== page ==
Meldung vom 19.11.2018
No signs of abrupt growth slowdown in CEE
Czech Republic, Hungary, Slovakia and Poland
- Growth momentum in Central Europe remains strong during the third quarter, even accelerating in Poland.
- In Hungary and Slovakia growth momentum remains elevated with inflationary pressures building up gradually.
- While core inflation has moved beyond 2 % in Hungary and Slovakia it remains subdued in Poland at below 1 %.
- Growth has slowed down in the Czech Republic compared to strong growth in 2017. Capacity constraints are intensifying as firms face the tightest labor market in the region.
During the third quarter (Q3) economic growth in Central Europe (CE) was stronger than expected in all CE economies except for the Czech Republic (CZ). Economic growth was strongest in Poland (PL) at 5.7 %, seasonally adjusted (sa), compared to Q3 2017 (y/y). Growth momentum in Poland accelerated compared to the first half of the year (H1), as shown by a rise in quarter-on-quarter (q/q) GDP growth (Figure 1 - see pdf). In Hungary and Slovakia growth momentum remained elevated but hasn’t expanded any further in Q3. In both economies q/q growth remained constant above 1 % in Q3 compared to H1 2018 (HU: 1.2 %; SK: 1.1 %). Seasonally adjusted year-on-year growth increased to 5.0 % in Hungary and 4.5 % in Slovakia. In the Czech Republic growth momentum has declined to 0.4 % seasonally adjusted quarter-on-quarter growth compared to 0.6 % in H1. Year-on-year growth has declined sharply to 2.3 % (H1: 3.3 %), which is also due to strong growth in H1 2017 averaging 1.9 % (q/q).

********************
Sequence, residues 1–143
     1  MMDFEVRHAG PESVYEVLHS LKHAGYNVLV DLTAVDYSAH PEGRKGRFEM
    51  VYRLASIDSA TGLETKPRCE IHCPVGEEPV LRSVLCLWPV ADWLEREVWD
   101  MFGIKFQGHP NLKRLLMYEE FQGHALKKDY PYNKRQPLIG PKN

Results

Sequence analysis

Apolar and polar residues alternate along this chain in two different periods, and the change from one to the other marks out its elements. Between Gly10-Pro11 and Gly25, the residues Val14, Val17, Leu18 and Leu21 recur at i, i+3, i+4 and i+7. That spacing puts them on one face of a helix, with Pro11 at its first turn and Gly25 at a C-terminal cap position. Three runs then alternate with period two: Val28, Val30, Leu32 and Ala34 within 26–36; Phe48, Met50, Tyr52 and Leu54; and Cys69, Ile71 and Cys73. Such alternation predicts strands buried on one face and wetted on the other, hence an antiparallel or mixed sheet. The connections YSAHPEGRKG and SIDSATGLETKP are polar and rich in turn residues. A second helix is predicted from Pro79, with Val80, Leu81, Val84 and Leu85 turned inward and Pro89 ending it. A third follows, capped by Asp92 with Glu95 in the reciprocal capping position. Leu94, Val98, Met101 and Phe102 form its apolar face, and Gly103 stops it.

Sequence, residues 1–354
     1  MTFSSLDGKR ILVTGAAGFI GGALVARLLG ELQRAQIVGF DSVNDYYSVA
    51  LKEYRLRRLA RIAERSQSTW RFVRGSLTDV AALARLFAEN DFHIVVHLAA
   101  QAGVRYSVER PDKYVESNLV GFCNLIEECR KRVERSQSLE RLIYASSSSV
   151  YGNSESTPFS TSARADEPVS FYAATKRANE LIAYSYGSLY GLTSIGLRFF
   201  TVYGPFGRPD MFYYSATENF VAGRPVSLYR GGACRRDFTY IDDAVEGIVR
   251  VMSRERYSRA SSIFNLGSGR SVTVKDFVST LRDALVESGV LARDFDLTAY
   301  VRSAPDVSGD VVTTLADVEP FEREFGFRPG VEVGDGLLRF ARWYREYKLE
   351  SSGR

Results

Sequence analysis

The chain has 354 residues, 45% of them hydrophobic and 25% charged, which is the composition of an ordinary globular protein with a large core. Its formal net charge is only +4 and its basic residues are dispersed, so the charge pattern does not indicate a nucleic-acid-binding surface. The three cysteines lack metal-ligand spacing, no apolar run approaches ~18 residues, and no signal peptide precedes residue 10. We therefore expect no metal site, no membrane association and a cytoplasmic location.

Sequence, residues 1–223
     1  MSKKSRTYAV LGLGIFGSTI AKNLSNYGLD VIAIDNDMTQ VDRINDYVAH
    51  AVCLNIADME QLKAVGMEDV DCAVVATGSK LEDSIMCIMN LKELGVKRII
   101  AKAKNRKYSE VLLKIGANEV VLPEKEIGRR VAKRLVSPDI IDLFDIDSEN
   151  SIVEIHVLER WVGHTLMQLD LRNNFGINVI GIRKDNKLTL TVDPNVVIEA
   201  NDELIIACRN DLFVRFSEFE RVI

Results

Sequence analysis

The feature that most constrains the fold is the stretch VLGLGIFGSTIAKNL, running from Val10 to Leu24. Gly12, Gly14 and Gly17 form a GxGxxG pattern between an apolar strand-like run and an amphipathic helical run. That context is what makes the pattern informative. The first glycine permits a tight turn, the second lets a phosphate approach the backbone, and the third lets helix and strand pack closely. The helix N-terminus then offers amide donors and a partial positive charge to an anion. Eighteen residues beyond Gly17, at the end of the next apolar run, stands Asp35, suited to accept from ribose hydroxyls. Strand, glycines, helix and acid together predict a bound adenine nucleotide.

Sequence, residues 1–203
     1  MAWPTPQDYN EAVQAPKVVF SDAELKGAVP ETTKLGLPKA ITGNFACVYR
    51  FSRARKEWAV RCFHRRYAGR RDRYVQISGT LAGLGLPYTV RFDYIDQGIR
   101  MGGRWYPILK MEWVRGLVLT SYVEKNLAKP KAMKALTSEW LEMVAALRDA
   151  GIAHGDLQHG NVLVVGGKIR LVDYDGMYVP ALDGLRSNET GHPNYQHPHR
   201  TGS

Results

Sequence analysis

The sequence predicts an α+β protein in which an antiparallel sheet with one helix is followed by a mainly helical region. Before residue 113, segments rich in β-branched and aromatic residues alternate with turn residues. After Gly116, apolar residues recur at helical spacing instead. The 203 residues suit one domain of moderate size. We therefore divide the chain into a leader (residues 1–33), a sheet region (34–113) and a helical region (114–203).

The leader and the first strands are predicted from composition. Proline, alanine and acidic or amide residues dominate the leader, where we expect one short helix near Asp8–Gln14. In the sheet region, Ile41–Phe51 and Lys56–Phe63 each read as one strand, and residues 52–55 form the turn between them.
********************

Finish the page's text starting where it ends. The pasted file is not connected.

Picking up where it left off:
During the first half of the year GDP growth has mainly been driven by domestic demand. Household consumption and investment activity contributed positively to GDP growth while net exports (exports minus imports), except for Slovakia, have dampened growth moderately. So far, only the headline figures for GDP growth have been released for the third quarter with no information about the composition of growth. Nevertheless, it is fair to assume domestic demand to have played the dominant role also during the third quarter. Private consumption should continue to be driven by historically tight labor markets with unemployment rates at 2.3 % in the Czech Republic, 3.7 % in Hungary and Poland, and 6.9 % in Slovakia (Q3). Relating unemployment rates to job vacancy rates gives a good indication of labor market tightness, also known as Beveridge curves (Figure 2 - see pdf). Using this metric identifies the Czech Republic as having the tightest labor market among CE-4 economies, with the lowest unemployment rate and the highest job vacancy rate (Q2: 5.4 %). In Hungary, already 2.7 % of labor demand (number of occupied posts plus number of job vacancies) are vacant. In Poland and Slovakia job vacancy rates are less pronounced (1.2 %). The marked difference in unemployment rates between Poland and Slovakia, at similar job vacancy rates, shows how structurally efficient/inefficient the Polish/Slovak labor market is.